20. 1 point
    I'd say give 180MG a chance. Also, is the 3 beers typical for you (ie is that what you had before Bac) or is that a reduced amount? What is indifference for you -- do you want to be abstinant or are you happy to drink small quantities of AL? Everyone is different, with what they consider unmangeable quantities of alcohol (aside from medical prescriptions on the matter) but also on their personal level of Bac to reach indifference. I can't say I am typical, but certainly I had to do other things in my life to reach some kind of abstinance. In my case I had to taper off Effexor to help reduce my cravings (SSRIs are known for increasing AL cravings in some people). Having a partner who no longer drinks also helped me. Most important thing you can do is find a good doctor to advise on Bac dose etc. Not always easy, I know...
  21. 1 point
    Hi Otter, thanks for the message. I have found that Baclofen is not available here with UK doctors. I had a pretty miserable time last Christmas when I accidentally ran out of my supply and despite being in a terrible state (I was close to seizure and totally absorbed with suicide) they told me to 'purchase from the street', which was extremely unhelpful. Luckily I found a strip of Russian benzos I had forgotten about and was able to use them for a week, otherwise I think I may have died. I do not write that haphazardly, the level of despair was beyond. The shock of going baclofen free suddenly after taking 125mg daily for 18 months was horrific, I had not expected it at all. I wish I had found this forum then. Thank god using the benzo, Phenazepam, I seemed to pull through quickly. I think I can get more of these but I am particularly uneasy about ordering them as they clearly are narcotic and I worry there could be problems if a package gets opened en route to me. I see you are in Cyprus. I was in Turkey two years ago and found that it was easy to buy 10mg Novartis Lioresal at the pharmacy with no script. I bought several hundred tabs but obviously, they run out. At one point last year I was considering getting a cheap flight to Cyprus to nip into Northern Cyprus to stock up. What is the situation on the island, I guess you have a prescription? Can you purchase o.t.c.? I want to start taking Baclofen again as I am really suffering from reactive anxiety at the moment. I have a difficult period to get through and I know the pills work and I have roughly a 3 month supply here but I am concerned about refills. I wish I could get the medicine prescribed but it seems impossible. Anyone reading this in the UK who knows different please let me know. I am uneasy about ordering from online pharmacies as I am concerned that were I to become dependent on them again and my supply ran out before I had time to taper I might get a repeat performance of last time. This is very scary. I would be interested if anyone reading this might have any experience of taking the medicine for a period then getting off it. Approximately 3 weeks ago I took 30-75mg a day over 3 days and then when I did not dose became pretty ill. The first symptom is a weird cold feeling on my forehead. This is followed with anxiety which gets worse hour by hour and dreadful sleep. I dealt with these symptoms by tapering strictly over a week going from 10mg to 5mg to 2.5 then clear. I found I was all over the place for six days in total and have not totally recovered. I am unsure if this is unusual or normal, yet reading here I see that there seem to be a variety of 'normals'. People obviously process this stuff in different ways. I would be very interested to hear from anyone who has done a successful taper though as the knowledge would be very valuable. I don't want to drink and I can't bear to carry on with the level of discomfort I am going through at the moment. I am confused as to whether my current uneasiness is a direct result of taking the medicine for a few days or if it is just my baseline anxiety. My experience tells me that Baclofen has something to do with it as the suicidal ideation that comes in waves, along with the feeling of electricity in my arms and head was present when I cold turkeyed at Christmas. This is all a bit garbled, forgive me but I am just going to type and send and see what comes back. Not in the right state to craft a fully formed post. Feeling uneasy, verging on panicky. Anybody got any comments? Thanks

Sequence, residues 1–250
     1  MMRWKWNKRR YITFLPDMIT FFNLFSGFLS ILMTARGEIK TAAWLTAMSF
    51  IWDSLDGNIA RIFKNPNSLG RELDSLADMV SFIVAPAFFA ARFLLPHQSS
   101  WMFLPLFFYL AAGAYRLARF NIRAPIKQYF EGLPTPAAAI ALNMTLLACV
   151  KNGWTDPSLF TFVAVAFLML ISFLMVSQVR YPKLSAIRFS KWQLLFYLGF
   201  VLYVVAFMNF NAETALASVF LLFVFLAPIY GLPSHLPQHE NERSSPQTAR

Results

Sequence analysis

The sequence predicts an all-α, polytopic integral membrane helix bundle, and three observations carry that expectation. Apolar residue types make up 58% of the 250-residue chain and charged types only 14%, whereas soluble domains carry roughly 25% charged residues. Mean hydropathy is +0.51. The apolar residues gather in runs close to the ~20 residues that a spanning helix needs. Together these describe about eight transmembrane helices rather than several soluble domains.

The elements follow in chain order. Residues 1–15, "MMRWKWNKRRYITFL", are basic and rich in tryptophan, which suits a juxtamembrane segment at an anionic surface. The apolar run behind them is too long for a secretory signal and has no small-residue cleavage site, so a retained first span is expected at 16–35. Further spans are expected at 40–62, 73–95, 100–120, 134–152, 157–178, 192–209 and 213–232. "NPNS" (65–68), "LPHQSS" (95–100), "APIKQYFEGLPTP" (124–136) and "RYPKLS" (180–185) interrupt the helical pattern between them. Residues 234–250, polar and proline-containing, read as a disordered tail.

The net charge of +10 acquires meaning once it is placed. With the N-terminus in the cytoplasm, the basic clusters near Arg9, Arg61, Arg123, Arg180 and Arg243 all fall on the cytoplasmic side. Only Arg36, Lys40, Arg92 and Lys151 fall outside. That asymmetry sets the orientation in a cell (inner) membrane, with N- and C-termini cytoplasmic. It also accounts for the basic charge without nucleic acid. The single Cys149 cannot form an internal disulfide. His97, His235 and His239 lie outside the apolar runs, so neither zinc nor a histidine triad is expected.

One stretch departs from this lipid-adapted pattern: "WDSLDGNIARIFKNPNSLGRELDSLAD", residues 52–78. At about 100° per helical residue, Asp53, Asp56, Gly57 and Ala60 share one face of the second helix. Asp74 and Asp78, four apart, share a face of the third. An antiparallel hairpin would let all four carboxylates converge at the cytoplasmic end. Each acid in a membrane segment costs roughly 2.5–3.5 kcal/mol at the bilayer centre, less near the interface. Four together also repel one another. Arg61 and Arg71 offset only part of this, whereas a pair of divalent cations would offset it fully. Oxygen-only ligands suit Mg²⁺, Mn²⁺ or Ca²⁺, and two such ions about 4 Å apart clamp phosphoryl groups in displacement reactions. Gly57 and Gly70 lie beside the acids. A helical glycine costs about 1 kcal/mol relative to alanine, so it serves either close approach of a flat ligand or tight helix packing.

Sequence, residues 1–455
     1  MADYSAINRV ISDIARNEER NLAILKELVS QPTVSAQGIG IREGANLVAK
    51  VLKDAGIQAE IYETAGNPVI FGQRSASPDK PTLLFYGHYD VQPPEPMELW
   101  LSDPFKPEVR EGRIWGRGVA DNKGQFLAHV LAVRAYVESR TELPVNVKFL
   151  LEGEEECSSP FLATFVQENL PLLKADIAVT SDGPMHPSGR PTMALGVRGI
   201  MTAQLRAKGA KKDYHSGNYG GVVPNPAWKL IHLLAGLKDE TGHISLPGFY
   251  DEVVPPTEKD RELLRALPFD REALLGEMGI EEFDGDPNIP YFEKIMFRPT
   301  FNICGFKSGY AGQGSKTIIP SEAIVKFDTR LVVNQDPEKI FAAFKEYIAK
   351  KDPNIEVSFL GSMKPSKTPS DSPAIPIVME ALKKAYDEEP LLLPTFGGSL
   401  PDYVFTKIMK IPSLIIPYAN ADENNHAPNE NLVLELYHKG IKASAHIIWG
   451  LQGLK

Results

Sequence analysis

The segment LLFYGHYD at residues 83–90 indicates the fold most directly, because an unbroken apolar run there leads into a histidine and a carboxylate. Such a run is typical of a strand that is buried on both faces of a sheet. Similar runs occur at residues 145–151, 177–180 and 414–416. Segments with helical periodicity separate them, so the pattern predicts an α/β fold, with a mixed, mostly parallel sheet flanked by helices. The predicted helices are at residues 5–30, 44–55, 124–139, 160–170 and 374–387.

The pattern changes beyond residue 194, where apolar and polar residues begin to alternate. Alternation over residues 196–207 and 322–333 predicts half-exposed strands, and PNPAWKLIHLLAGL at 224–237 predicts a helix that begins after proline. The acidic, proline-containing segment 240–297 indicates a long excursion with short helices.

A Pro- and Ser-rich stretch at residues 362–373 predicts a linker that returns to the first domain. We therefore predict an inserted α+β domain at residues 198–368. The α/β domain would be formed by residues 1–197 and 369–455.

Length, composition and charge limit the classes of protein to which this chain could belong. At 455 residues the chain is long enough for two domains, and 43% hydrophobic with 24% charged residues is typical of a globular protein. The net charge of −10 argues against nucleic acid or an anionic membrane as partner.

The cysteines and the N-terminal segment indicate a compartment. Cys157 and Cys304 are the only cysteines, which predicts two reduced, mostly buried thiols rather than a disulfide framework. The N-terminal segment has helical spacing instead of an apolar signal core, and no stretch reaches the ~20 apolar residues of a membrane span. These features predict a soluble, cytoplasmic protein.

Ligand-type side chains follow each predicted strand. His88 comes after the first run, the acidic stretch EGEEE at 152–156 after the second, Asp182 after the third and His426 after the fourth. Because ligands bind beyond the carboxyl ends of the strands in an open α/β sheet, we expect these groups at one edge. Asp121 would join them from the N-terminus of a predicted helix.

22. 1 point
    Thanks for the response Guardian, it's good to hear that there are people out there. Just got home after a long day so will try to put down more detailed thouhtd in the morning. Much appreciate you getting back to me.
  23. 1 point
    Hi katallus, This forum, as well as its predecessor – the medication section at mywayout – have certainly slowed down in traffic. I wouldn’t let that deter you from sharing your experiences. People are checking in and will gladly offer feedback. There are many – including myself – who have achieved success in achieving abstinence or indifference thanks to baclofen therapy who were once very active here (and at MWO) and will be of eager assistance and can be an invaluable resource with your journey.
  24. 1 point